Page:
The Desert Fathers
The Desert Fathers were hermits, ascetics, monks, and nuns (Desert Mothers) who lived mainly in the Scetes desert of Egypt beginning around the third century CE. The most well known was Anthony the Great, who moved to the desert in 270–271 CE and became known as both the father and founder of desert monasticism. By the time Anthony died in 356 CE, thousands of monks and nuns had been drawn to living in the desert following Anthony’s example—his biographer, Athanasius of Alexandria, wrote that “the desert had become a city”.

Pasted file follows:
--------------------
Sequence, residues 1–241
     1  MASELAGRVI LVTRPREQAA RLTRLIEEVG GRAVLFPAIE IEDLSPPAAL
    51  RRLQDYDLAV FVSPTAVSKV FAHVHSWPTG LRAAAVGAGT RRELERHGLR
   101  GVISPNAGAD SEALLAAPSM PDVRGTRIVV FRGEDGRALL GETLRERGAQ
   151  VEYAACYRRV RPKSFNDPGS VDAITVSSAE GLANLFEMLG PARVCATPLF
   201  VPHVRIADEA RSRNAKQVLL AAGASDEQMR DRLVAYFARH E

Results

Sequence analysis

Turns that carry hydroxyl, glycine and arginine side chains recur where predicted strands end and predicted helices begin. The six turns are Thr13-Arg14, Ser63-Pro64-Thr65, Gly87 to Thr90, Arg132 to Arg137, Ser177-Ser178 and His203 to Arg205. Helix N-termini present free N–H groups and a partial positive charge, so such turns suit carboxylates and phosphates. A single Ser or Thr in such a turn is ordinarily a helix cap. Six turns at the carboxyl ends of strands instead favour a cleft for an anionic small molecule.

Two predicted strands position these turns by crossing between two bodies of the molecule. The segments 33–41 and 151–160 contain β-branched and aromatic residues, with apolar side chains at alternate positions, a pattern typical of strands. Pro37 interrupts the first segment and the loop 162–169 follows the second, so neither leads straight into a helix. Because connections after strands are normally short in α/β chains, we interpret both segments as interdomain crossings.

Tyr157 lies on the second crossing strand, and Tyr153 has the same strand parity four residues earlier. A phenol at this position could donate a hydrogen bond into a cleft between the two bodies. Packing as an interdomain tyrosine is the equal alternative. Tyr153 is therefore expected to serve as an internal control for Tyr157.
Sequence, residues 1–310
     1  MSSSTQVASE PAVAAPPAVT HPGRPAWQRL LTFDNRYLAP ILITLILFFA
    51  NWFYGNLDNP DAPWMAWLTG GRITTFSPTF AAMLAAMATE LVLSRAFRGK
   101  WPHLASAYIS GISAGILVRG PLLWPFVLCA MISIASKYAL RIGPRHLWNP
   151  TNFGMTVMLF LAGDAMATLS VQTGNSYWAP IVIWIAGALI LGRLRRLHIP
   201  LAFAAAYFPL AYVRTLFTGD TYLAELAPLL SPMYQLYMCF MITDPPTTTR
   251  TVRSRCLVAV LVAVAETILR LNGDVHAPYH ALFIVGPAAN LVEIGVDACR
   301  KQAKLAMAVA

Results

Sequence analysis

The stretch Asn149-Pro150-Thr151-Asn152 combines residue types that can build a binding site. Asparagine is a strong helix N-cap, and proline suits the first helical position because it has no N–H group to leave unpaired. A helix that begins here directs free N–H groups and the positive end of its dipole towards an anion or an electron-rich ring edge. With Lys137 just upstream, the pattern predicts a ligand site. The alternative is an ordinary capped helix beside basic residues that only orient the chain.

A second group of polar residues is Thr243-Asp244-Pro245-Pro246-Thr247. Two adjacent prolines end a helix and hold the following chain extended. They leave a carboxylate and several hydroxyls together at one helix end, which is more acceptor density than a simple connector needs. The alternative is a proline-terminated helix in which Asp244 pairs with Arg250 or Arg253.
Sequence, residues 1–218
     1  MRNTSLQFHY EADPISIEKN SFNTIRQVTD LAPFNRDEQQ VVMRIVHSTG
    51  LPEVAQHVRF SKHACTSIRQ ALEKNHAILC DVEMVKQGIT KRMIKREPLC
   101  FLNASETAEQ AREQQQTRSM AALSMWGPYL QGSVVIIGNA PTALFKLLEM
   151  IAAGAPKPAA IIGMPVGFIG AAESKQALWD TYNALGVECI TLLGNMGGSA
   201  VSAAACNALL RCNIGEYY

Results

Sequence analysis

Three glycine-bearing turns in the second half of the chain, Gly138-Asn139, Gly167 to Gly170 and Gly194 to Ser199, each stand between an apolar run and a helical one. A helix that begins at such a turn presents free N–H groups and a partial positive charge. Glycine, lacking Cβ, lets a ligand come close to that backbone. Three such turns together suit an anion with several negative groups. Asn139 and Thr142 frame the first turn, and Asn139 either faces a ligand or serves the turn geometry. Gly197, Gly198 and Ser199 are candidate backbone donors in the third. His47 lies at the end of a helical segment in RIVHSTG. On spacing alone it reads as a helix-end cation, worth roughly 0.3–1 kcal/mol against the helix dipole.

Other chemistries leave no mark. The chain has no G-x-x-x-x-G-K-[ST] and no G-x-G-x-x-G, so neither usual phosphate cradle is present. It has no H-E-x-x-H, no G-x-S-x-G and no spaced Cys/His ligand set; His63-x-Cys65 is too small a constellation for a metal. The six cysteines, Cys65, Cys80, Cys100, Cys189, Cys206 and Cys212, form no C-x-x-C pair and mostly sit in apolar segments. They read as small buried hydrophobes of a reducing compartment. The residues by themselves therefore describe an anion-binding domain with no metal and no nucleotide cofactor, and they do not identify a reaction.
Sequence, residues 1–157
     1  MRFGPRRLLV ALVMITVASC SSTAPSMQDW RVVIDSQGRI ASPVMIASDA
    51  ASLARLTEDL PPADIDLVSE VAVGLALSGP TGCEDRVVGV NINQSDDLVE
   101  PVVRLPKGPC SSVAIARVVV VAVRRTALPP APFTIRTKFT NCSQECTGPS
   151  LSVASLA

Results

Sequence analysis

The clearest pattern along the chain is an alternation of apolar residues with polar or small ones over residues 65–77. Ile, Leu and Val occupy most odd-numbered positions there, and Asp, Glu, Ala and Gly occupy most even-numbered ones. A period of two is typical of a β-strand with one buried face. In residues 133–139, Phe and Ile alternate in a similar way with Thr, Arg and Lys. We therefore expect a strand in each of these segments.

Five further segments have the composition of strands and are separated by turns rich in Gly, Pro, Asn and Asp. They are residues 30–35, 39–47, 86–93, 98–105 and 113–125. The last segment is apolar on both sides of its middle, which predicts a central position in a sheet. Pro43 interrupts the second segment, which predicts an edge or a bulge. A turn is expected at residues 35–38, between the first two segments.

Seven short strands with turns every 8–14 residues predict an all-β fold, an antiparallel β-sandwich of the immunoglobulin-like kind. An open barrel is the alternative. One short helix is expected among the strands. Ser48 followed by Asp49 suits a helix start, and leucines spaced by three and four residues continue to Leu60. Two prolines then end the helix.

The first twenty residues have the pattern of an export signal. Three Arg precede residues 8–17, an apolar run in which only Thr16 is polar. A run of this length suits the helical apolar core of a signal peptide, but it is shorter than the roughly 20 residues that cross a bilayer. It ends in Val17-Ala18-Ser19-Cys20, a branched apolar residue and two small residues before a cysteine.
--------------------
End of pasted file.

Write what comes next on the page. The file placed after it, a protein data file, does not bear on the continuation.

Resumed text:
The Desert Fathers had a major influence on the development of Christianity. The desert monastic communities that grew out of the informal gathering of hermit monks became the model for Christian monasticism. The eastern monastic tradition at Mt. Athos and the western Rule of St. Benedict both were strongly influenced by the traditions that began in the desert. All of the monastic revivals of the Middle Ages looked to the desert for inspiration and guidance. Much of Eastern Christian spirituality, including the Hesychast movement, had its roots in the practices of the Desert Fathers. Even religious renewals such as the German Evangelicals, the Pennsylvania Pietists, and the Methodist revival in England are seen by modern scholars as being influenced by the Desert Fathers. READ MORE